Put those facts together and you reach an intriguing conclusion: The heavier hydrocarbons at the bottom of Titan’s methane-ethane seas may be home to tiny droplets of water-ammonia. Kept in a liquid state, these could be home to microbes similar to those in Pitch Lake. Someday, scientists may learn that Titan is home to millions of tiny creatures from the Black Lagoon.
3. MARS IN CHILE
Mars had a promising life before it became the rusty, freeze-dried rock quarry we know today. Around four billion years ago, a cozy atmosphere kept the planet warm. Rivers of water emptied into lakes and seas. But after about 100 million years, the Martian atmosphere began leaking into space. As Mars slowly choked to death, its water froze. Much of it is still buried beneath its surface.
Things turned out better for Earth—except in Chile’s Atacama Desert. Spanning 40,000 square miles, Atacama is the driest place outside of Antarctica. While the average annual rainfall in most deserts hovers below 400 millimeters, Atacama is lucky to hit 2mm. Some areas have gone three to four centuries without a single drop! Wind and occasional tremors are the only natural forces that leave a mark. Some of the boulders scattered on the ground haven’t moved in one million to two million years.
Atacama is bone dry because it’s wedged between two mountain chains—the Andes and the Chilean Coast Range—that block moist air from entering. The Peru Current, which carries cold water from Antarctica along the coast, also keeps rain clouds at bay. Plus, the desert is on a plateau that’s 13,000 feet above sea level. The thin, dry atmosphere at that altitude, coupled with high levels of UV radiation, makes Atacama the closest thing earthlings have to Mars.
For engineers, the landscape is perfect for testing prototype Mars-roving equipment. More exciting, however, is that life is still eking out an existence in Atacama’s nearly sterile soil. Photosynthetic bacteria have been found inside local halite, or rock salt. The translucent crystals absorb sunlight but block lethal doses of UV radiation. The salt also swallows some water from the air, making life possible.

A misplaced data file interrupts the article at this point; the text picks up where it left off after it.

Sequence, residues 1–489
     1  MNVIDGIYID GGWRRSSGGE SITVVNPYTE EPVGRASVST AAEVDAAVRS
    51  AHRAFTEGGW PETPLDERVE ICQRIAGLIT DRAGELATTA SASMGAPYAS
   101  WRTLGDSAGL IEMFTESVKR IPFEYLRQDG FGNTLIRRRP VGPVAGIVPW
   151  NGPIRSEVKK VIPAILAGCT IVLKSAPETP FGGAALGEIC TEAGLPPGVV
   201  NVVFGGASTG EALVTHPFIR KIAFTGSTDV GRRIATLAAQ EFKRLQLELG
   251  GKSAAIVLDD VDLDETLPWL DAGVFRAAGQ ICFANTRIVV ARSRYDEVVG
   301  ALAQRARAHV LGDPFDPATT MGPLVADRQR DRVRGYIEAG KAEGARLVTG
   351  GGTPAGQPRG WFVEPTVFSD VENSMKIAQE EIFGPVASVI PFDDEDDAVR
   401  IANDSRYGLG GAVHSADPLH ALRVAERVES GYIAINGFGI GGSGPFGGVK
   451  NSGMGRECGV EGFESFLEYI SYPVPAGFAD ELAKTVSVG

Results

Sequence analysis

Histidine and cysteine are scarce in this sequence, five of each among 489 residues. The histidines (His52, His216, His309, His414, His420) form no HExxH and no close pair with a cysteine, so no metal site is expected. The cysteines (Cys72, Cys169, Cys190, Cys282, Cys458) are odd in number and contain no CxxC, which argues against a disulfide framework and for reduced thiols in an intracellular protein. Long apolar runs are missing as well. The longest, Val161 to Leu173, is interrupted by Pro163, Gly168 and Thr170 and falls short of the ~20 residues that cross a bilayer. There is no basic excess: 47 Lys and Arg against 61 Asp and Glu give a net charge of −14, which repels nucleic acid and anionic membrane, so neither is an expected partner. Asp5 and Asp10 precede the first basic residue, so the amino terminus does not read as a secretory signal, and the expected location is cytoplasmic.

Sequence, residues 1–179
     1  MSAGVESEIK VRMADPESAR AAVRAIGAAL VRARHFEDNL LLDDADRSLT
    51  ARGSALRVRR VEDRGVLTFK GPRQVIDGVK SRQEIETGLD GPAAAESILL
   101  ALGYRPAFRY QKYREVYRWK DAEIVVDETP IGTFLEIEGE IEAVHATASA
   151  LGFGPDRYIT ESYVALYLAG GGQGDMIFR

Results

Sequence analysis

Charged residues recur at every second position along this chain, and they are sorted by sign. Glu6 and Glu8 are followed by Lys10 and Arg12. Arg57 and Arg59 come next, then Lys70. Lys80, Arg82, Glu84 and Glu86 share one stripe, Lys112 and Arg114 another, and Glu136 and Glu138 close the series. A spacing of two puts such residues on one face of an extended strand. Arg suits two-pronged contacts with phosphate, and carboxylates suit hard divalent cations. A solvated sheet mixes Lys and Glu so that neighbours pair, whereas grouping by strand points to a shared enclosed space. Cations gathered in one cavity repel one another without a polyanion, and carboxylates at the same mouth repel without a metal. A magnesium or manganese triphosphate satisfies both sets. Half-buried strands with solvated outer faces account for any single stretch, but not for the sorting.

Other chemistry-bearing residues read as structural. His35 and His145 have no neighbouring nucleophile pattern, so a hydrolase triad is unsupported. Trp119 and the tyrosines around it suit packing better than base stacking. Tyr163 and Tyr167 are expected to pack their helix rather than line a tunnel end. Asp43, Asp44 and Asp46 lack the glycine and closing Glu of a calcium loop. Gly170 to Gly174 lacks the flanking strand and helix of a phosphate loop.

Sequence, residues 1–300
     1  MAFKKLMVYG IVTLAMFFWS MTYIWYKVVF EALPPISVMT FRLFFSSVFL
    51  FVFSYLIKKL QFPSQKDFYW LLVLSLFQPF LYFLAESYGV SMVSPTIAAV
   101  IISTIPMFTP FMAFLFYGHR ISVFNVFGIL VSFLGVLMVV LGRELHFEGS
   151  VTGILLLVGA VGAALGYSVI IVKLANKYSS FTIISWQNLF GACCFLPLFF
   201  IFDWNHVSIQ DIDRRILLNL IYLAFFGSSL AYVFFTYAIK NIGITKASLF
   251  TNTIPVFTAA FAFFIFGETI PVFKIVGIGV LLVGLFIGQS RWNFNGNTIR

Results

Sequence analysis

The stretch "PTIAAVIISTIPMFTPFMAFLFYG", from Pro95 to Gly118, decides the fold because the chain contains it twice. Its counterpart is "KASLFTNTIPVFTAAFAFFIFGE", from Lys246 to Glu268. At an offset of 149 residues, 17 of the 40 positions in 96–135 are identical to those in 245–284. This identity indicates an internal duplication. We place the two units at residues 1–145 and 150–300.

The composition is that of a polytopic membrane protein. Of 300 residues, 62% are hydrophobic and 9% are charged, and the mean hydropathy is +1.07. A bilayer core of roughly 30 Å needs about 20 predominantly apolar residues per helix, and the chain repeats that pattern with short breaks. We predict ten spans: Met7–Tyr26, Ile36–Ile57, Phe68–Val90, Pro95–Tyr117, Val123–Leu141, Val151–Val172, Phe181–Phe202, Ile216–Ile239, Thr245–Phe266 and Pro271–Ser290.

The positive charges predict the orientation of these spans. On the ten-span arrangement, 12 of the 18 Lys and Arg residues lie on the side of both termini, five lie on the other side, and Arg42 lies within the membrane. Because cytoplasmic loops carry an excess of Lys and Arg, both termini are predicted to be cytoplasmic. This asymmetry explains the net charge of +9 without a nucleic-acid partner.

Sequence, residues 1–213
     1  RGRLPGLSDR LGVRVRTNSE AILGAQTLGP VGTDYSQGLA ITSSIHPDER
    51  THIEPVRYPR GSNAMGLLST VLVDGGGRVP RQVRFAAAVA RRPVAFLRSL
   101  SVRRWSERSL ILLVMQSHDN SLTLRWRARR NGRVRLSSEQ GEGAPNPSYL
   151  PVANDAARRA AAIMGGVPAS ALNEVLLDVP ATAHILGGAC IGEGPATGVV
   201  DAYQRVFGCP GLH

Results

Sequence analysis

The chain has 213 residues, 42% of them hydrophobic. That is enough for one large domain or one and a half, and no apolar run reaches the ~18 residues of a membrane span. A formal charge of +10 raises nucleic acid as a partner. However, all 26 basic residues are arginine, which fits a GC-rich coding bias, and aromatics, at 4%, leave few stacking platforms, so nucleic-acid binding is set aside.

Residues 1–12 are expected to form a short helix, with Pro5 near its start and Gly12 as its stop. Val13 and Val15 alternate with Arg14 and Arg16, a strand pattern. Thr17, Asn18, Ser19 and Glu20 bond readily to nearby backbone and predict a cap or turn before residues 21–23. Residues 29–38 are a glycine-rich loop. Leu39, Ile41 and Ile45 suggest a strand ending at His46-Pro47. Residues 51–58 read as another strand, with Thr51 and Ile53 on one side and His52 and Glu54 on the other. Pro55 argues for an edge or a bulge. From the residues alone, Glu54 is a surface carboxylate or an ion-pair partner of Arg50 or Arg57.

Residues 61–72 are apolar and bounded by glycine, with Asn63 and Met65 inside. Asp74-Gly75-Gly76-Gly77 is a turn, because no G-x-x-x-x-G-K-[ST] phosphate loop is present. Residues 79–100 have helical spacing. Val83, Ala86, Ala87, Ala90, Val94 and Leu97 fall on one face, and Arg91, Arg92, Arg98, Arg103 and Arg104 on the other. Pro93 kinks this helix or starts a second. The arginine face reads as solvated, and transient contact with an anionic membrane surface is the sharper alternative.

For scientists, this suggests that Martian saline deposits may be a viable habitat for alien life. The salt would lower the ice’s freezing point—so it could temporarily melt during the Martian spring and summer—and then absorb that water to sustain a community of tiny organisms.
4. CANADA’S ODE TO EUROPA
In 1990, a helicopter pilot flying over Ellesmere Island in the Canadian arctic ran into rough weather and took a detour through a valley called the Borup Fiord Pass. Geologist Benoît Beauchamp was on board, and he looked down to see a strange yellow patch on the glacier below.
A few weeks later, he returned with a group of students. “The aircraft had not yet touched the ground when the unmistakable smell of rotten eggs inundated the cabin,” he wrote in the journal Arctic. “While the students at the back of the ma- chine blamed each other for what they thought was an afterthought on a rather spicy meal the night before, it was clear to me that the smell came from the glacier itself and that it was the scent of hydrogen sulfide; as for the yellow stuff staining the ice: No doubt it had to be native sulfur.”
It was a surprising discovery. Sulfur is typically found at hot springs, volcanoes, or salt domes—not glaciers near the North Pole. Later, scientists learned that hydrogen sulfide was bubbling to the surface from underground saltwater springs. Microbes that had adapted to the cold environment then fed on the hydrogen sulfide, producing sulfur as a chemical byproduct.
That’s interesting because Jupiter’s icy, sulfur-rich moon, Europa, contains a salty body of water bigger than all of Earth’s oceans combined. If it’s anything like Ellesmere, the sulfur on Europa’s frozen exterior may be evidence of alien bacteria. To determine whether that’s the case, scientists tested Ellesmere. They’ve found telltale biosignatures in Ellesmere’s sulfur, including traces of protein and fatty acids and a rare mineral, rosickyite. NASA can use that chemical roadmap to look for life on Europa. All they need to do is scoop up some samples 390 million miles from home.